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Interconnected nature of local government IT and growing outsourcing requires more InfoSec training and user awareness

UK: “Information security is a tricky and often sensitive subject within local government,” explains Philip Ayers, Technical Infrastructure Manager within the ICT Shared Services at Norfolk County Council. “Most county councils don’t have a dedicated budget for information security training but this is changing and it is critical that other parts of the public sector start to think beyond just IT security policy and more around continually testing and securing systems.”


Ayers, who has been working for Norfolk County Council for 6 years arrived at an organisation that had no formal InfoSec training. “It took a persistent effort to help raise awareness around the dangers posed by cyber criminals as Norfolk is essentially a mostly rural area and not necessarily an obvious target.”

Norfolk is the seventh most populous county of England with just under a million people and four major towns including Norwich and Great Yarmouth. The county is relatively sparse with smaller communities spread across its 2000 square mile area. “One of the first things I did when I started was to ensure events were logged and system monitoring installed – this was a real eye opener and started us along a journey to get a core of skilled security professionals on staff.”

The council recognised the need to identify risks by instigating external penetration testing and Ayers began a process of getting a few staff on basic courses. “I initially organised an IT forensics course for myself and sent the most enthusiastic team member on a security essential course – between us we then had a basic grounding on examining logs and enforcing the security policies set by the council.”

Over the years, Ayers has continued on-going training through SANS and now has a core team of four staff with broad information security knowledge and skills. “We are realistic,” he says, “We know that an environment can never be 100% secure but we now have the ability to spot and highlight significant areas of risk and present our guidance to the senior management team on a regular basis.”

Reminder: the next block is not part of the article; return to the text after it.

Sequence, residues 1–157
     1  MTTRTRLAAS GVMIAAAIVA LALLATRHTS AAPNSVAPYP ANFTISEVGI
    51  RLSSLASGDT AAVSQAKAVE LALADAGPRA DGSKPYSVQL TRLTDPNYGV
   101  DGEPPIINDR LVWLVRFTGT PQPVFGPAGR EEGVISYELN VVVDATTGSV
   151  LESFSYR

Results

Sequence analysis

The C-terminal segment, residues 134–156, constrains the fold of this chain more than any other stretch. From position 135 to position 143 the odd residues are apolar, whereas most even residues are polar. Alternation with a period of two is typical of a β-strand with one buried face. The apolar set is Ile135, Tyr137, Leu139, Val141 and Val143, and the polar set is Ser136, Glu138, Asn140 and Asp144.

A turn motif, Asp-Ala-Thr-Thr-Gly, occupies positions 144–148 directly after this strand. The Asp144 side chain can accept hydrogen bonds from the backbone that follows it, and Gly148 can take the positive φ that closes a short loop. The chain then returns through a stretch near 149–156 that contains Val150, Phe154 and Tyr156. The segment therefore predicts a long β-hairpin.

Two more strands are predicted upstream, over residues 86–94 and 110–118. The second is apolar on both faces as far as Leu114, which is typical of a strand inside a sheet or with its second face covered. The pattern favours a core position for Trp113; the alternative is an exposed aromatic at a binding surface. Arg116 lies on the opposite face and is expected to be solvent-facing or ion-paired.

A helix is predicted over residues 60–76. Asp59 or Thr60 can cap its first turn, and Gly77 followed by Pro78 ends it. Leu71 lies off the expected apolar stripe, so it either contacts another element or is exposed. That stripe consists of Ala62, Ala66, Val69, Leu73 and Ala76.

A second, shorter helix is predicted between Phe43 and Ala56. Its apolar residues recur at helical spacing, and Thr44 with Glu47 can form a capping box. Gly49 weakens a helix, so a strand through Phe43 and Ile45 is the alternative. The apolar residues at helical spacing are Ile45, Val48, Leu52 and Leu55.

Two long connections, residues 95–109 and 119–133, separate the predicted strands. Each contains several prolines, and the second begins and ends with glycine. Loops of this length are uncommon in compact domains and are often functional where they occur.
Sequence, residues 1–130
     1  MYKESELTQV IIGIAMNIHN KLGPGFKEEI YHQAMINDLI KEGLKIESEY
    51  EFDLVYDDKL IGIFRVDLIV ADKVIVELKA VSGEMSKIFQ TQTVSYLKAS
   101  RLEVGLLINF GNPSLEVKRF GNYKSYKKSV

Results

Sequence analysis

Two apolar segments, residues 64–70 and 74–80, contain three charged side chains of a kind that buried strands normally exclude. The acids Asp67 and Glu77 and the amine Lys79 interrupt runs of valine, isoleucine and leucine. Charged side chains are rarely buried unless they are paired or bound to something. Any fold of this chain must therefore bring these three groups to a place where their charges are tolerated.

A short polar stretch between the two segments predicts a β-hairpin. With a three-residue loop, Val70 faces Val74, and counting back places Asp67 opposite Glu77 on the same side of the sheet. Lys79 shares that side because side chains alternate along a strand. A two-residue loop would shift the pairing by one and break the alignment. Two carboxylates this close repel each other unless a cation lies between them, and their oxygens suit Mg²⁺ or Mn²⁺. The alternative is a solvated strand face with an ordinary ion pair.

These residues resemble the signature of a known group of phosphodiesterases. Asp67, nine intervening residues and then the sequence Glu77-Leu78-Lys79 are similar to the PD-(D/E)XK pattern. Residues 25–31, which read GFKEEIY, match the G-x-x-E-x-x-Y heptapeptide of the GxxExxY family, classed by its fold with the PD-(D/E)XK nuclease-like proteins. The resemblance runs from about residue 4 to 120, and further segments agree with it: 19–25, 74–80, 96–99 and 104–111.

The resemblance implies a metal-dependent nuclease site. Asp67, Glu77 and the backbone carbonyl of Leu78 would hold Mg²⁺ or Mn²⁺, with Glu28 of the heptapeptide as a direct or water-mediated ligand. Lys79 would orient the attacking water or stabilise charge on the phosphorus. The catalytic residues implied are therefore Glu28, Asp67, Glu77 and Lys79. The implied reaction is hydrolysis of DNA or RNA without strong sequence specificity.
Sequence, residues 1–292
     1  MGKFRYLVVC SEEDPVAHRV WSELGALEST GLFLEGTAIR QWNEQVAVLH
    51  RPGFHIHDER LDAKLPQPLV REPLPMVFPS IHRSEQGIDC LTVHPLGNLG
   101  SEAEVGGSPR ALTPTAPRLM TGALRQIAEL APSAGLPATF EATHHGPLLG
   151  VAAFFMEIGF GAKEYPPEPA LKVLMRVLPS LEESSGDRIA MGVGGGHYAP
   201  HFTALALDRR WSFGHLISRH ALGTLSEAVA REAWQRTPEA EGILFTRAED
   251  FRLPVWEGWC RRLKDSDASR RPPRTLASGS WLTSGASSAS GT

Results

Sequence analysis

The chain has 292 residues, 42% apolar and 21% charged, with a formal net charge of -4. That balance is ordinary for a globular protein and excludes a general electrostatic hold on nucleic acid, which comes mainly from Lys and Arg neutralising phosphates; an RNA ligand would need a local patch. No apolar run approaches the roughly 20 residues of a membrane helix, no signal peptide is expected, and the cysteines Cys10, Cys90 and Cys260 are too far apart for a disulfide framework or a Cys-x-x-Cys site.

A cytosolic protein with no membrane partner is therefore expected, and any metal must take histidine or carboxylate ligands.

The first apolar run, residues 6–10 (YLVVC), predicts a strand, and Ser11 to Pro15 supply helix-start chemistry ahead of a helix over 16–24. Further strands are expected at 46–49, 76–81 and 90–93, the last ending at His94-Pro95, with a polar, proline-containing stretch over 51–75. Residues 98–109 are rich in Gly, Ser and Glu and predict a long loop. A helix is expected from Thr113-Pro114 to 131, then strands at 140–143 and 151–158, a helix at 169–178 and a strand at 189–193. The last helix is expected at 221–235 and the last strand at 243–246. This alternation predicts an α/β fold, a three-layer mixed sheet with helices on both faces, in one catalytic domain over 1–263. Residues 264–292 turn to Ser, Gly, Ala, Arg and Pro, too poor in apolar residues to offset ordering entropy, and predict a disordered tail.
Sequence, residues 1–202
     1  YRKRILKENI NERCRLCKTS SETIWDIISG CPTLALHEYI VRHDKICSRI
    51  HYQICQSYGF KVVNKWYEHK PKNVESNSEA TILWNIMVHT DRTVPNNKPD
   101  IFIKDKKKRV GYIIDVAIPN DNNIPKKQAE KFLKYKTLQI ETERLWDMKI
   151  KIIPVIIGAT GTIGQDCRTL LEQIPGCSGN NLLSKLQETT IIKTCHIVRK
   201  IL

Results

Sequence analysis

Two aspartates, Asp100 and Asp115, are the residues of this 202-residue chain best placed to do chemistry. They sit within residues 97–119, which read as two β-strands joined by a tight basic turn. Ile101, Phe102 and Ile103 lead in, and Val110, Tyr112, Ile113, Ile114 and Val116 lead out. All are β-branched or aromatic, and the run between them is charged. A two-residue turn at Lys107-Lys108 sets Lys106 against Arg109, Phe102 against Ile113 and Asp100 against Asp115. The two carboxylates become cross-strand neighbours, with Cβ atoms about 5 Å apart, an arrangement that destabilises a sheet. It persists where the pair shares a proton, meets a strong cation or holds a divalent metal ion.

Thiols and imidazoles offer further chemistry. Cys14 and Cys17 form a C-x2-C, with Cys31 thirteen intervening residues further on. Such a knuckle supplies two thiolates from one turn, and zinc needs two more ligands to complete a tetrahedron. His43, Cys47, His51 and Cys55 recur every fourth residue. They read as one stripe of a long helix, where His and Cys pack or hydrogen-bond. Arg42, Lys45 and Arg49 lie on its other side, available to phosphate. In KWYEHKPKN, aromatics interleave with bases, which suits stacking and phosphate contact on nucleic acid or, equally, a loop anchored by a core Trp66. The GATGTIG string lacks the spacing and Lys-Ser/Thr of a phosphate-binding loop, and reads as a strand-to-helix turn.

The Infrastructure manager believes that this risk awareness process is essential and will grow in importance as the Norfolk ICT Shared Services are involved in the ICT responsibilities for Great Yarmouth Borough Council, Breckland District Council and County schools, whilst starting to engage with the local NHS trusts and GP surgeries as part of shared services. Through pursuing a process of obtaining industry recognised certification offered by SANS, the Council is able to offer professional ICT security service to these organisations.

“Budgets are stretched and the public sector is looking for savings,” says Ayers, “But on an IT level, the government is striving towards a highly connected underlying network and this poses a danger that seemingly soft targets could be used as the entry points for attacks that are aimed at more valuable targets.”

“For us SANS training is not just a ‘do once then forget’” explains Ayers, “Security threats are evolving and with SANS we gain access to a community of experts and peers that are continually sharing knowledge and providing both theoretical and practical support as well as training to make us more effective in doing our jobs.”

Today Norfolk County Council has both policies and technical process such as vulnerability scanning and regular audits that meet both internal and national guidelines. “We have document process and the ability to respond to a formal audit from organisations such as CESG, “says Ayers, “…and if we have an incident, we have the internal resources to respond and the knowledge to deal with issues in an effective and methodical fashion.”

Ayers suggests that other public sector IT managers should start to push for an InfoSec training budget. “There are significant longer term cost benefits of a good understanding of information security best practice and technical application,” adds Ayers, “Although many organisations may think that they are not real targets, with a bit of understanding at what to look for, it will quickly become clear that the public sector is a significant target for criminals, vandals and hacktavists.”

The Infrastructure Manager believes that alongside training, a wider education program is needed across the public sector. “Our staff need to understand why policies exist and the basics of safe working, especially as more remote users and inter agency outsourcing becomes prevalent. These things don’t happen overnight, but working with SANS is at least a positive start.”